TDP-43 and FUS RNA-binding Proteins Bind Distinct Sets of Cytoplasmic Messenger RNAs and Differently Regulate Their Post-transcriptional Fate in Motoneuron-like Cells

Department of Neurology and Laboratory of Neuroscience, IRCCS Istituto Auxologico Italiano, Milan 20149, Italy.
Journal of Biological Chemistry (Impact Factor: 4.6). 03/2012; 287(19):15635-47. DOI: 10.1074/jbc.M111.333450
Source: PubMed

ABSTRACT The RNA-binding proteins TDP-43 and FUS form abnormal cytoplasmic aggregates in affected tissues of patients with amyotrophic lateral sclerosis and frontotemporal lobar dementia. TDP-43 and FUS localize mainly in the nucleus where they regulate pre-mRNA splicing, but they are also involved in mRNA transport, stability, and translation. To better investigate their cytoplasmic activities, we applied an RNA immunoprecipitation and chip analysis to define the mRNAs associated to TDP-43 and FUS in the cytoplasmic ribonucleoprotein complexes from motoneuronal NSC-34 cells. We found that they bind different sets of mRNAs although converging on common cellular pathways. Bioinformatics analyses identified the (UG)(n) consensus motif in 80% of 3'-UTR sequences of TDP-43 targets, whereas for FUS the binding motif was less evident. By in vitro assays we validated binding to selected target 3'-UTRs, including Vegfa and Grn for TDP-43, and Vps54, Nvl, and Taf15 for FUS. We showed that TDP-43 has a destabilizing activity on Vegfa and Grn mRNAs and may ultimately affect progranulin protein content, whereas FUS does not affect mRNA stability/translation of its targets. We also demonstrated that three different point mutations in TDP-43 did not change the binding affinity for Vegfa and Grn mRNAs or their protein level. Our data indicate that TDP-43 and FUS recognize distinct sets of mRNAs and differently regulate their fate in the cytoplasm of motoneuron-like cells, therefore suggesting complementary roles in neuronal RNA metabolism and neurodegeneration.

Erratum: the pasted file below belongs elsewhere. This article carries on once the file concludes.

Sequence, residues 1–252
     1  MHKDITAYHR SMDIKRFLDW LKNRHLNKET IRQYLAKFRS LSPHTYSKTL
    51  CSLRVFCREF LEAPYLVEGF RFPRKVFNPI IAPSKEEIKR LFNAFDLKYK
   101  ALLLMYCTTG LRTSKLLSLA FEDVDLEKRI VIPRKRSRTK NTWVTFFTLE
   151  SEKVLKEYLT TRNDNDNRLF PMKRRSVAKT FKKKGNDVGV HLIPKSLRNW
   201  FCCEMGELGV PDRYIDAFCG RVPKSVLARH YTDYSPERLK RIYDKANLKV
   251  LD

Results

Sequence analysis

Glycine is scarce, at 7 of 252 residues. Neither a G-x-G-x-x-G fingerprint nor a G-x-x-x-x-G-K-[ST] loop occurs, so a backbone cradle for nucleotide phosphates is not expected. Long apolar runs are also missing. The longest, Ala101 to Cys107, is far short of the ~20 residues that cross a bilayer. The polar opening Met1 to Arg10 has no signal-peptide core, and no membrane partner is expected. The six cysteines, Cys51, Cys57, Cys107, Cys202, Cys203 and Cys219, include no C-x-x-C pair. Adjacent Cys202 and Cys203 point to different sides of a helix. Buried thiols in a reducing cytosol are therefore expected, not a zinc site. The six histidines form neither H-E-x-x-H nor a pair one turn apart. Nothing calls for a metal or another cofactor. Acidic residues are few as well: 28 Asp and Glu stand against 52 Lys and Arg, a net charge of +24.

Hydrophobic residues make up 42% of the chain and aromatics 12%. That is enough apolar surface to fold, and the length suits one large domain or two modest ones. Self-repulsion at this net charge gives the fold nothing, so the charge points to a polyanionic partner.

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    ABSTRACT: The RNA-binding protein FUS/TLS, mutation in which is causative of the fatal motor neuron disease amyotrophic lateral sclerosis (ALS), is demonstrated to directly bind to the U1-snRNP and SMN complexes. ALS-causative mutations in FUS/TLS are shown to abnormally enhance their interaction with SMN and dysregulate its function, including loss of Gems and altered levels of small nuclear RNAs. The same mutants are found to have reduced association with U1-snRNP. Correspondingly, global RNA analysis reveals a mutant-dependent loss of splicing activity, with ALS-linked mutants failing to reverse changes caused by loss of wild-type FUS/TLS. Furthermore, a common FUS/TLS mutant-associated RNA splicing signature is identified in ALS patient fibroblasts. Taken together, these studies establish potentially converging disease mechanisms in ALS and spinal muscular atrophy, with ALS-causative mutants acquiring properties representing both gain (dysregulation of SMN) and loss (reduced RNA processing mediated by U1-snRNP) of function.
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May 15, 2014